When we think of abusive relationships, our minds often jump to physical violence. But a more subtle form of abuse that’s harder to recognize is emotional abuse. Emotional abuse occurs in toxic relationships and includes non-physical behaviors that are meant to control, isolate, or frighten you. This type of abuse may not get recognized at the start of a relationship and can leave you feeling confused, frustrated, or even like you’re in the wrong.
Toxic relationships, whether it’s with a partner, parent, friend, or co-worker, can be tricky to identify. How do you know if you are in a toxic relationship? Podcast guest, Stephanie Sarkis is a psychotherapist specializing in anxiety, gaslighting, narcissistic abuse, and ADHD, who helps us sort out this question and much more.
In this episode, Stephanie walks us through the different stages of toxic behavior, where it originates, and who’s most vulnerable. She offers red flags of toxic workplaces, actions toxic people take to manipulate others, and how to deal with them. Finally, Stephanie gives advice on how to handle the holidays with toxic family members.
- Emotional abuse seems like an invisible form of abuse and many of us aren’t as well versed in recognizing it.
- Toxic people may prey on people in certain circumstances, such as those who are grieving (you don’t feel like yourself, not thinking clearly), those with medical conditions, and those in helping professions (more likely to accept a wide range of behaviors).
- There are different stages of toxic behavior: (1) love bombing (you’re the best, push for and secure commitment), (2) devaluing, (3) verbal abuse, and (4) physical abuse.
- Physical abuse is using or abusing someone’s physical body to get power and control over them. An example is blocking an exit so someone can’t leave or backing someone against a wall.
- Toxic behavior comes from two types of people – (1) some are just born with bad brain wiring (they get a dopamine boost from manipulating people); (2) people who grew up with parents who had toxic behavior.
- Red flags of a job interview – saying “everyone here is family”, triangulating (talking about others), and love bombing (see above).
- Ways to deal with toxic people: walking away – go no contact (if no kids involved), low contact (if kids, using a co-parenting app that keeps a record of everything), find a family law attorney, and know your rights.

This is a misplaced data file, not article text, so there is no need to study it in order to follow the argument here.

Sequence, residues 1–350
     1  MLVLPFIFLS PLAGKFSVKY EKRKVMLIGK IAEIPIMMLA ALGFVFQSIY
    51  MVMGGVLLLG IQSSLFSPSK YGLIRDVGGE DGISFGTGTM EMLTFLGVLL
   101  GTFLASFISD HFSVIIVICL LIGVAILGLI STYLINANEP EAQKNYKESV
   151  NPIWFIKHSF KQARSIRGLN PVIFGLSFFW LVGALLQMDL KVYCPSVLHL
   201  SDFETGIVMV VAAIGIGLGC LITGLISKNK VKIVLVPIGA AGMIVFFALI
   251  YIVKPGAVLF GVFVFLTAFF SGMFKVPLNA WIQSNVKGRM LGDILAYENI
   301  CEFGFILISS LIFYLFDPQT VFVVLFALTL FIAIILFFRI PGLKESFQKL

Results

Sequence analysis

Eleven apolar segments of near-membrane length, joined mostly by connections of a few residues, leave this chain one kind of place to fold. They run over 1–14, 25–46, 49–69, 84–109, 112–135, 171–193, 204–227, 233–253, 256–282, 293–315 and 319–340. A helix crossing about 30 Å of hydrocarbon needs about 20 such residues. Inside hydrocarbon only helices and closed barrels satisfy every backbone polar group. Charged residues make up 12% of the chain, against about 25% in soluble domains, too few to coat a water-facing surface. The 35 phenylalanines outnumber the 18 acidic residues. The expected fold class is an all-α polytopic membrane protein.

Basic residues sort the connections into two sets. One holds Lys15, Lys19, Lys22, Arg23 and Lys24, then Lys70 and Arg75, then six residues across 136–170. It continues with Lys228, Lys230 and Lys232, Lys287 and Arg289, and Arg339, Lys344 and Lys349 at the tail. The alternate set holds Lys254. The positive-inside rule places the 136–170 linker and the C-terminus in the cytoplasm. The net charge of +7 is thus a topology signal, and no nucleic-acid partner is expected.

- Five holiday strategies for dealing with toxic family members – (1) set a time limit, (2) have a separate gathering, (3) have someone you trust to come with you, (4) use the grey rock method, responding in the most bland way possible when someone tries to bait you or say “I’m confused why…”, and (5) using the broken record technique (give the same response over and over).
Stephanie’s dog Connor’s Instagram page @ConnorTheBritt
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Stephanie Moulton Sarkis, PhD NCC DCMHS LMHC, is a psychotherapist specializing in anxiety, gaslighting, narcissistic abuse, and ADHD. She is the author of eight books and one workbook, including Healing From Toxic Relationships: 10 Essential Steps to Recover from Gaslighting, Narcissism, and Emotional Abuse and Gaslighting: Recognize Manipulative and Emotionally Abusive People – and Break Free.
Dr. Sarkis is a National Certified Counselor, Licensed Mental Health Counselor, American Mental Health Counselors Association Diplomate (Clinical Mental Health Specialist in Child and Adolescent Counseling), and a Florida Supreme Court Certified Family and Circuit Mediator. She has been in private practice for 20 years. She is a senior contributor for Forbes online and is also a contributor to Psychology Today. She is the host of the Talking Brains podcast and is based in Tampa Bay, Florida.
You can visit her website at www.stephanie sarkis.com
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